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Economy in Brief

German Sector Trends are Clear and Weak
by Robert Brusca September 5, 2008

German statistics have been weakening and the weakness in orders reported yesterday was a shock to some. Today the process of being shocked continues with stark and unexpected weakness in German industrial output. Output is off for the second time in two months and by a severe 1.8% m/m. Yr/Yr the drop is -0.6%. MFG IP is off by 2% in the month. Sequential growth rates generally show that the weakness is still cumulating (construction and consumer spending are exceptions of sorts). In the new quarter to date (Q3) output is falling at a 13.3% annual rate, led by weakness in capital goods. While the drop in consumer goods output is the most severe on a Yr/Yr basis, the deceleration is the greatest for capital goods where output seems to stay so high for so long. This it turns out was mirage like Wiley Coyote standing on thin air waving to the Road Runner before gravity took hold. German capital goods output too seemed to defy the gravity and domestic weakness and the overly strong euro. But now that resilience is a thing of the past.

German authorities have tried to argue that the weakness is partly due to the start of the school year. But they hasten to add the trends are going to be lower. There should be fewer denials of encroaching weakness in Germany since the bottom fell out of orders and IP and that has happened just over the past two days.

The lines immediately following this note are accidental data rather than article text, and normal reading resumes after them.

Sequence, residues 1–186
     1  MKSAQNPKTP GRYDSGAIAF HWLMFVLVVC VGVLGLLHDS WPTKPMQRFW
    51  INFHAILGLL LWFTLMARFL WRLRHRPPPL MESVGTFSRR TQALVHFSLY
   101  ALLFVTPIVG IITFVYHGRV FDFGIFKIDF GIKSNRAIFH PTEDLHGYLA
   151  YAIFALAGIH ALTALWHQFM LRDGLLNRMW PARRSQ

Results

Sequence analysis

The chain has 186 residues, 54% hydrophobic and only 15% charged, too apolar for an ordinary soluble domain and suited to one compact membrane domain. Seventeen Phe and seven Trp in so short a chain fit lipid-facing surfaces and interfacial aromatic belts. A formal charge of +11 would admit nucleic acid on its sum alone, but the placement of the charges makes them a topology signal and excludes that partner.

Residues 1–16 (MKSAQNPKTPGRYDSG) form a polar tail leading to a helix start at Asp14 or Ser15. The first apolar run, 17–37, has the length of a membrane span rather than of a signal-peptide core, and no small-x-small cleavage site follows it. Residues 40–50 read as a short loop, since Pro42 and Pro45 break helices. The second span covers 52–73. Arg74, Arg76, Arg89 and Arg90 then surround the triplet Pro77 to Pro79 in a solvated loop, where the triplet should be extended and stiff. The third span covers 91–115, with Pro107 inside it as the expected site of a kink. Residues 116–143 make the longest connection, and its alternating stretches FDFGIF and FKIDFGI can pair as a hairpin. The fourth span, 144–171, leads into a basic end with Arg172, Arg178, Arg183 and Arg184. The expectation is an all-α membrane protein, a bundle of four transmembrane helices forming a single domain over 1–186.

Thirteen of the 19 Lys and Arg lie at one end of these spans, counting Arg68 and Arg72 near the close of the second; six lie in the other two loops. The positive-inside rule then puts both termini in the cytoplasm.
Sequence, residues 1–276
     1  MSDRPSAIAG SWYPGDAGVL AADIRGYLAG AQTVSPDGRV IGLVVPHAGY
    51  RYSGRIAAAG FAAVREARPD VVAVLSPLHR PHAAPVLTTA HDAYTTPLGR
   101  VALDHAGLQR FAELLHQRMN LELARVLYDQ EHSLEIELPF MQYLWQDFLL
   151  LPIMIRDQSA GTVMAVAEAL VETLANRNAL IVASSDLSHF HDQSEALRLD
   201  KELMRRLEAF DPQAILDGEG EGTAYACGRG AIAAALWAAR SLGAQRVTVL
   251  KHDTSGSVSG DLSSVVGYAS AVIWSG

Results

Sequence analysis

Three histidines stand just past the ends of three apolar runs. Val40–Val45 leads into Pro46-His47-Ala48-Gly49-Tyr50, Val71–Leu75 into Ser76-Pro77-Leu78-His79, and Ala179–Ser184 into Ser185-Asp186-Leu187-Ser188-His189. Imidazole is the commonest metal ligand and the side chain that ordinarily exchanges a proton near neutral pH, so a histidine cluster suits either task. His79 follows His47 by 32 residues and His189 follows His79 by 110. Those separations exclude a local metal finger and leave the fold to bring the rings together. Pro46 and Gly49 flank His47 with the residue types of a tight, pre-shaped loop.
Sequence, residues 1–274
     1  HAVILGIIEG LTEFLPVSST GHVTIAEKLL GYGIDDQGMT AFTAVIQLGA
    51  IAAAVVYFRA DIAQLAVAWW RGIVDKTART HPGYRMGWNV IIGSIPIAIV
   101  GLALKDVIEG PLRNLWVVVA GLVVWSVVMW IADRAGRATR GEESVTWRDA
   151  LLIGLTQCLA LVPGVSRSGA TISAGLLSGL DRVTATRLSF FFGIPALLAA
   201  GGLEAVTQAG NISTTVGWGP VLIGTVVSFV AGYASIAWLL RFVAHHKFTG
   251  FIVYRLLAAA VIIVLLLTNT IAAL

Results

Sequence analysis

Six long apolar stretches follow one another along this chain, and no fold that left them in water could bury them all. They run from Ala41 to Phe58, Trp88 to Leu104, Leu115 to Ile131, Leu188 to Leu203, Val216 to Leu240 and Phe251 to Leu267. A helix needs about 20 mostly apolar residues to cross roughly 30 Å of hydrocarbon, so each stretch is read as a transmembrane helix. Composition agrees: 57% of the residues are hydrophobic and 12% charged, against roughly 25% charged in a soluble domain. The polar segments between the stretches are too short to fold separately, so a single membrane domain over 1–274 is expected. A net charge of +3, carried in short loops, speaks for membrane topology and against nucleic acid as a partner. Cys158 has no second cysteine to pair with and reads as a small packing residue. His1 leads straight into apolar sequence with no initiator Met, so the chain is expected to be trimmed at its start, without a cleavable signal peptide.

Things change. And they did not elect either Obama or McCain.

Still the ECB has decided to tighten up its collateral acceptance parameters, and that action will impair liquidity in the Zone and at a time when economic weakness seems to be taking greater hold. In the US two speeches, one by Reserve Bank president Yellen, the other by Reserve Bank president Fisher, talked in less than glowing terms about the US economy. Fisher worries more about inflation prospects while Yellen reports that the next move by the Fed is more likely to be up than down but she reiterated Fed fallibility. Central bankers clearly are not plugged into the news that reveals accelerating weakness. Even the Bush Administration today took the opportunity to say that a new stimulus program was not needed.

While the economic data are worsening central banks seem to be taking the opportunity to let weaker growth drag inflation lower, rather than to move to offset the weakness. This is done by ignoring the weakening (Trichet), denying it (Germany, at least so far) or by making inflation the greater threat (Richard Fisher, and others).

Total German IP
Saar exept m/m Jul-08 Jun-08 May-08 3-mo 6-mo 12-mo Quarter-to-Date
IP total -1.8% 0.1% -1.8% -13.3% -8.0% -0.6% -13.3%
Consumer -1.7% 0.4% -0.3% -6.2% -8.6% -2.1% -8.8%
Capital -3.7% 1.7% -3.7% -21.0% -11.7% -0.1% -21.2%
Intermediate -0.6% -0.5% -1.0% -8.2% -3.4% 0.4% -7.5%
Construction -2.0% -2.4% 2.4% -8.2% -23.1% -2.8% -15.8%
MFG IP -2.0% 0.5% -1.9% -13.1% -7.8% -0.2% -13.3%
MFG Orders -1.7% -2.6% -1.3% -20.0% -15.2% -4.1% -20.7%
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